Consider a consumer packaged goods company that sells their products to supermarkets. For the bigger supermarket retailers, they ship full truckloads from their warehouses directly to the retailer’s warehouses. For smaller ones, they will ship their product in full truckloads from their warehouse to local wholesalers who then ship to the stores. This firm is interested in the best locations for their warehouses to minimize the transportation cost. If they have built a cost matrix that has the cost per truckload from every potential warehouse to every one of their ship-to locations, why don’t they need to worry about the distance between the potential warehouses and the ship-to points?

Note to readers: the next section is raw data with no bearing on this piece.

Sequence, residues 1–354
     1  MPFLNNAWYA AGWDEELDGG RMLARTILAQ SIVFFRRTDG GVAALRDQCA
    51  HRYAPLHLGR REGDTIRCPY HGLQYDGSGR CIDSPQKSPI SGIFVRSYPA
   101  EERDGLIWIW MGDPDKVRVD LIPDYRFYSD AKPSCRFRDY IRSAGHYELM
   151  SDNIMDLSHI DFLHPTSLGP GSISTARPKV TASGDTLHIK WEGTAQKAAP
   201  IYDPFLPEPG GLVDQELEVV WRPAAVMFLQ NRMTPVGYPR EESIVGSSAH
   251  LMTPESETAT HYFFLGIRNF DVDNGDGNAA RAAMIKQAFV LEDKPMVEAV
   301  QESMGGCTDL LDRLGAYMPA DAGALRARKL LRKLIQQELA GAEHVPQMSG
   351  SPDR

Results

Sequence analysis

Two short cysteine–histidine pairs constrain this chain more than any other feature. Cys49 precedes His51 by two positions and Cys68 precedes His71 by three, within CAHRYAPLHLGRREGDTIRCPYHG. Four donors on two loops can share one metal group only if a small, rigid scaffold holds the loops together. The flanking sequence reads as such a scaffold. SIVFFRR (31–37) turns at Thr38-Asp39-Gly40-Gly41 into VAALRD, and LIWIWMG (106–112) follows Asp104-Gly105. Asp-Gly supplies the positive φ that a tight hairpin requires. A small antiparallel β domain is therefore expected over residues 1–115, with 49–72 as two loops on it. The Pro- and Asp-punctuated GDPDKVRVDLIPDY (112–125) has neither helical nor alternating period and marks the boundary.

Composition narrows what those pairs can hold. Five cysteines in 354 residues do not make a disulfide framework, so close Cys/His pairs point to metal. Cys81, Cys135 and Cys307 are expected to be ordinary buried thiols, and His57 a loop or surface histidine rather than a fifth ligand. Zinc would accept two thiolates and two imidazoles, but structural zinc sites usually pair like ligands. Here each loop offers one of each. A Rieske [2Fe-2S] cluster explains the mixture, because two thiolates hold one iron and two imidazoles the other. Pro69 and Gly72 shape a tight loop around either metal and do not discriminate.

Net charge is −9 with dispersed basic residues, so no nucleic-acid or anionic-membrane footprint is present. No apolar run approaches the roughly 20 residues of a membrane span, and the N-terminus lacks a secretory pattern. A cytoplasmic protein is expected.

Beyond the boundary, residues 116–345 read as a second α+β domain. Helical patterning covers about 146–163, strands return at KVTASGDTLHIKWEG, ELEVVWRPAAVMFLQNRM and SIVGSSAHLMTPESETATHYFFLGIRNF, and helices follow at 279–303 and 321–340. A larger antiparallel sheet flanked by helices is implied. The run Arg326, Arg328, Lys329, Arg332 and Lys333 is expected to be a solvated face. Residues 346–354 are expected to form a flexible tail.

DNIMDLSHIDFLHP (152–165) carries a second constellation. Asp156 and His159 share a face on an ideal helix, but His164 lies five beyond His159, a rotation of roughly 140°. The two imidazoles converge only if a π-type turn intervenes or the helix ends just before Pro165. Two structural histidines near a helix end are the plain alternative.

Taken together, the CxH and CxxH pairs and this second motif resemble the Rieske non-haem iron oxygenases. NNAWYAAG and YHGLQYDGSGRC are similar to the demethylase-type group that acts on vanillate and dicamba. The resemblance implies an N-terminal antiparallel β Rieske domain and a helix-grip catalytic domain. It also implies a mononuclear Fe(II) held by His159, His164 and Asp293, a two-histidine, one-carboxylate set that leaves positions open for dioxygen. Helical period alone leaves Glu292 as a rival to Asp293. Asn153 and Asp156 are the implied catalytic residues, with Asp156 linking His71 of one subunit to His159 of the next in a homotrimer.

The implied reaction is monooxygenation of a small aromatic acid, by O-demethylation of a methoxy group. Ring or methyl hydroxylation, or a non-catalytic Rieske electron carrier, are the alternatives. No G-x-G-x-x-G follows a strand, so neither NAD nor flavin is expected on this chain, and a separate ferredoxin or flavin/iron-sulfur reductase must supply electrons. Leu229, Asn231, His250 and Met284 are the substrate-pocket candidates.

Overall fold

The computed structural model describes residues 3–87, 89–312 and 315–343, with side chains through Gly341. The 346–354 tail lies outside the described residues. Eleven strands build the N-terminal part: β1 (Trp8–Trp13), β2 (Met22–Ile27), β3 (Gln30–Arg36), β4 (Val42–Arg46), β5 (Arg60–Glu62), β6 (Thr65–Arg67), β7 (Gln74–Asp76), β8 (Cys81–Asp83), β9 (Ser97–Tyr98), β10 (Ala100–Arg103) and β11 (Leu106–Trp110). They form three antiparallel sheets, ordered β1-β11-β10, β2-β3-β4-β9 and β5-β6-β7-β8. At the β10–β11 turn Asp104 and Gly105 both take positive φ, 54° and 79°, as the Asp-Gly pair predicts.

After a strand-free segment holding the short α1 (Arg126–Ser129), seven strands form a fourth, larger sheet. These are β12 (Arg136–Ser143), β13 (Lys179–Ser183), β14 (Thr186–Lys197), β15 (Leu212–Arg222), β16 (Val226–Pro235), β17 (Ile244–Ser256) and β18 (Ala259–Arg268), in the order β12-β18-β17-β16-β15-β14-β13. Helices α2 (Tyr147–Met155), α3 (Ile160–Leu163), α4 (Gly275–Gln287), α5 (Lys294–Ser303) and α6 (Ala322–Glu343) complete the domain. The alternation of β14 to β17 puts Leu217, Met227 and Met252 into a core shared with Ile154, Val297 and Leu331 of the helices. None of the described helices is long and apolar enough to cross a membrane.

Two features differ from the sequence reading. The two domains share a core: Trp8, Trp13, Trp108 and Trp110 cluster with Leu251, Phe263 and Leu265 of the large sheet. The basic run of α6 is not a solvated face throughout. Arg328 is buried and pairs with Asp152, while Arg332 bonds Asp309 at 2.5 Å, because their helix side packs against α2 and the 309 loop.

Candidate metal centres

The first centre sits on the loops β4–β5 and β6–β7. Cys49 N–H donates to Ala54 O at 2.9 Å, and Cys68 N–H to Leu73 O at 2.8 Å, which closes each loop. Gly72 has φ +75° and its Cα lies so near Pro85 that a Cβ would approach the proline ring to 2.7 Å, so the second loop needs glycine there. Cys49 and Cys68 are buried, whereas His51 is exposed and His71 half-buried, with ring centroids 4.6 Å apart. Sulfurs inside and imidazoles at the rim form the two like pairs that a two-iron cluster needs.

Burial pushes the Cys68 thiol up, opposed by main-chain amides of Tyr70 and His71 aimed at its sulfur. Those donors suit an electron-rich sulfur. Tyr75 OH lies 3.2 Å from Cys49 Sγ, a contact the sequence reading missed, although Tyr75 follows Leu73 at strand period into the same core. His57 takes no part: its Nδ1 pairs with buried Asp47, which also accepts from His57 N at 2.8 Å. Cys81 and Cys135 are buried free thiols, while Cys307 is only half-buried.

Answer to relevant QuestionsWhen we build a model using expected demand for the next three years, we clearly realize that the demand will be a forecast. Why should you also consider the transportation cost to be a forecast? What does this tell you ...If it costs $10 million to build a new facility and you expect to depreciate the building over 20 years, why wouldn’t you include the full $10 million when you are building a model with a year’s worth of demand? If your baseline model’s costs are 20% lower than the actual costs, under what conditions could this still be a valid baseline? Even though we don't have the cost of opening a warehouse in the model, what information does the model give us in terms of what this cost needs to be for these solutions to be effective? Let’s consider the case of a chewing gum manufacturer that is interested in optimizing its manufacturing network and sourcing strategy. The products include sugar-based and sugar-free sticks of gum. Following is a quick ...
Post your question